Cloud servers let users run simulations of an ordinary computer, called virtual machines (VMs), on remote hardware. A VM performs exactly as an ordinary computer would, but because it is entirely software-based, many of them can run on a single hardware base. Yinqian Zhang of the University of North Carolina, Chapel Hill, and colleagues have discovered that it is possible for one VM to steal cryptographic keys – used to keep your data secure – from another running on the same physical hardware, potentially putting cloud-computing users at risk.
The attack exploits the fact that both VMs share the same hardware cache, a memory component that stores data for use by the computer’s processor. The attacking VM fills the cache in such a way that the target VM, which is processing a cryptographic key, is likely to overwrite some of the attacker’s data. By looking at which parts of the cache are changed, the attacking VM can learn something about the key in use.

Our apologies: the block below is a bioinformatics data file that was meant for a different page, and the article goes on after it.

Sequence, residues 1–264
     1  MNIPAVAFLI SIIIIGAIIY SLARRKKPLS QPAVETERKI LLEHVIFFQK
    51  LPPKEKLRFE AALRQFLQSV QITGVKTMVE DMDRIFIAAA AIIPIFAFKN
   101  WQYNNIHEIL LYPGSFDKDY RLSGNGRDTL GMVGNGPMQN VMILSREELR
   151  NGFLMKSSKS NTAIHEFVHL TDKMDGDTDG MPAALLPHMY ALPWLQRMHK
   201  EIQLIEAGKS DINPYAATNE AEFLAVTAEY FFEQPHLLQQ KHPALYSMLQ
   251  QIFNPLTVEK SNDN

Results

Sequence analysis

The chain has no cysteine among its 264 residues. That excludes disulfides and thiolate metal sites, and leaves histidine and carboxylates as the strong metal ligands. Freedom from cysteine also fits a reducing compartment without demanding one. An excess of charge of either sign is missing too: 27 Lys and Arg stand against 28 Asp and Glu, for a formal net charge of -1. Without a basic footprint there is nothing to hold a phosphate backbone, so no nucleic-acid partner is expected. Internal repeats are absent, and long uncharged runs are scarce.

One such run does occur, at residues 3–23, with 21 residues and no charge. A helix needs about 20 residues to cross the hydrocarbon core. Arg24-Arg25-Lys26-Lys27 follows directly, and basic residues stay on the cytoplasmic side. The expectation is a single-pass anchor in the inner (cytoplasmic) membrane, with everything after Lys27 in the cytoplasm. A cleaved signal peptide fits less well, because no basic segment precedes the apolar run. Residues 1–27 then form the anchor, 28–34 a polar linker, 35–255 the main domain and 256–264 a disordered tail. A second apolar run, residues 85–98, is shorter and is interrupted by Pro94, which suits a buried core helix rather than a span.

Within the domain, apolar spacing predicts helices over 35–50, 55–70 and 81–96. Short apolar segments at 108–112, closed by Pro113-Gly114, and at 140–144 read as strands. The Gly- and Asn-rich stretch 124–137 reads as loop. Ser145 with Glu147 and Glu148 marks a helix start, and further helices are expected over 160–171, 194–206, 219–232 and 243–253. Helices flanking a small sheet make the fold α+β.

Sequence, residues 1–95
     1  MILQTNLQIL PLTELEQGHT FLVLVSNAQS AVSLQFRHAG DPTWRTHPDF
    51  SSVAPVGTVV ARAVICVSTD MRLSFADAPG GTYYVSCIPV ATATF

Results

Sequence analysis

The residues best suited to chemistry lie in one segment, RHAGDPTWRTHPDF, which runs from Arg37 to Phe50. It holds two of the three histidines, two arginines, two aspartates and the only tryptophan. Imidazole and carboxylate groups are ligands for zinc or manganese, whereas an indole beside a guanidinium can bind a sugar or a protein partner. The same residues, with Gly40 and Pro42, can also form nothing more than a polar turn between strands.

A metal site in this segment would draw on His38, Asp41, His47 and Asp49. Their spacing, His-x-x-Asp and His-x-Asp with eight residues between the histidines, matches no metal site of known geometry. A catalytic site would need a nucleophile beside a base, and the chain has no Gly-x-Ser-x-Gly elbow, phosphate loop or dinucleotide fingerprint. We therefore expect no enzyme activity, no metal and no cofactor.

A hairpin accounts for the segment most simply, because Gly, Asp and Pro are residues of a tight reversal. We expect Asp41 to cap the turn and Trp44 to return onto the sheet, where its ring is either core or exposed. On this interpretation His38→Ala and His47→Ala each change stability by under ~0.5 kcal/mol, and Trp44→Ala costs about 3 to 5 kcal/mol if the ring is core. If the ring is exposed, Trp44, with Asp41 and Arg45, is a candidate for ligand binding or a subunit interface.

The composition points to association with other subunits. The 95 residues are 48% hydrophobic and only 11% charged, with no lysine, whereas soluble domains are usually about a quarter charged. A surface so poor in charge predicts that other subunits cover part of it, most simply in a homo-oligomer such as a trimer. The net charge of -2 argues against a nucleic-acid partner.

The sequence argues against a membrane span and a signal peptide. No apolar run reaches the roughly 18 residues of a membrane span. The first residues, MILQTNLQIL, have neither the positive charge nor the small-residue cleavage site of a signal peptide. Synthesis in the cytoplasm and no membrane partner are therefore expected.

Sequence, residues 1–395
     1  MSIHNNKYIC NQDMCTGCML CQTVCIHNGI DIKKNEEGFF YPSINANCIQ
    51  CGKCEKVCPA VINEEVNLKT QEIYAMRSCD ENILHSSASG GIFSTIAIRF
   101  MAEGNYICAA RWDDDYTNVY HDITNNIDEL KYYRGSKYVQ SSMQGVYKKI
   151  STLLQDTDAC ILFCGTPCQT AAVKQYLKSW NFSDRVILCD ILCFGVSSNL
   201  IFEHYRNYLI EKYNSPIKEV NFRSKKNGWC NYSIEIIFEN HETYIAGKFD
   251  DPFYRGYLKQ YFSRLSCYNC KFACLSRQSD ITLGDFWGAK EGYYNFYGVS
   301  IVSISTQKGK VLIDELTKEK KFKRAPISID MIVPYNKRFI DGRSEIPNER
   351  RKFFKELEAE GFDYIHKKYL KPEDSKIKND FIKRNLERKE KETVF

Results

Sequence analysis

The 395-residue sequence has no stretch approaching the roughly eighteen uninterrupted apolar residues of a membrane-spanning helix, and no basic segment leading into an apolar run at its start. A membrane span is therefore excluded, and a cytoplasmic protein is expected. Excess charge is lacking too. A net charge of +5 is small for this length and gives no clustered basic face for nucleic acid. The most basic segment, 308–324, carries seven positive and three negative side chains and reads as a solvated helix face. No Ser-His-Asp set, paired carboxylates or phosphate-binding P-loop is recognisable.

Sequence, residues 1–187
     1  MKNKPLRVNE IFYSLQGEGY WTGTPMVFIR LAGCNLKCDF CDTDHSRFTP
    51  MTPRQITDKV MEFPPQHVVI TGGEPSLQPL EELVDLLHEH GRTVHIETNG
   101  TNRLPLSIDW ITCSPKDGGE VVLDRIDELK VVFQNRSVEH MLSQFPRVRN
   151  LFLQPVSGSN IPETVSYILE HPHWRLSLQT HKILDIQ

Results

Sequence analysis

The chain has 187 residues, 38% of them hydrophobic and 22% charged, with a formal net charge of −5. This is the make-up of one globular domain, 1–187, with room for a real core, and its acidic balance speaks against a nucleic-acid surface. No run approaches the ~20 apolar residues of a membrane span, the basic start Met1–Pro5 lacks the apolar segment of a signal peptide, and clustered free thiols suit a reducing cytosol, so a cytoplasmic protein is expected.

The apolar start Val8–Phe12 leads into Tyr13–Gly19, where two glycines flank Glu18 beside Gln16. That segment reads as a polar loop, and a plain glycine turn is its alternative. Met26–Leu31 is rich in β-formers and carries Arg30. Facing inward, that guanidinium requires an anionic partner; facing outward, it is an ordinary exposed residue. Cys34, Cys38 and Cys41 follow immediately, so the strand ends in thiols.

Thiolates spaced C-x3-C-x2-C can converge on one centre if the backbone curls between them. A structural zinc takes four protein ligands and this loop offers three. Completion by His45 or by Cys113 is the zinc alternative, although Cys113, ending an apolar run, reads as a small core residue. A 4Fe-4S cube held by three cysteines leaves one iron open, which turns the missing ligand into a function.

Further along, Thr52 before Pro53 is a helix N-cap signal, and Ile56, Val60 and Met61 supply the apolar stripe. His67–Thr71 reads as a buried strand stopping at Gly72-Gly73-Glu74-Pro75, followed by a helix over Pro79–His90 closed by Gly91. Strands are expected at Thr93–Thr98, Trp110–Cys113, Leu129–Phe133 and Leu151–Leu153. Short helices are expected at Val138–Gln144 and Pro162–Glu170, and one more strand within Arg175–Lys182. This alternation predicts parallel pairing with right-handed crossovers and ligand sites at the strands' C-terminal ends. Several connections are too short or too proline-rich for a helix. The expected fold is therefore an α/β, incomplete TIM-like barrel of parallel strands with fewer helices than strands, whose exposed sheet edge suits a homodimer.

Zhang and team did not test the attack in the cloud for real, but used hardware similar to that employed by Amazon’s cloud service to try stealing a decryption key. They were able to reconstruct a 4096-bit key in just a few hours, as reported in a paper presented at the Computer and Communications Security conference in Raleigh, North Carolina, last month.
This attack won’t apply in all situations, as an attacker would have to establish a VM on the same hardware as yours, which isn’t always possible. What’s more, an attack would not work on hardware running more than two VMs. Still, those looking to use cloud services for high-security applications may want to reconsider.
Image by David Malan/Getty
New Scientist reports, explores and interprets the results of human endeavour set in the context of society and culture, providing comprehensive coverage of science and technology news.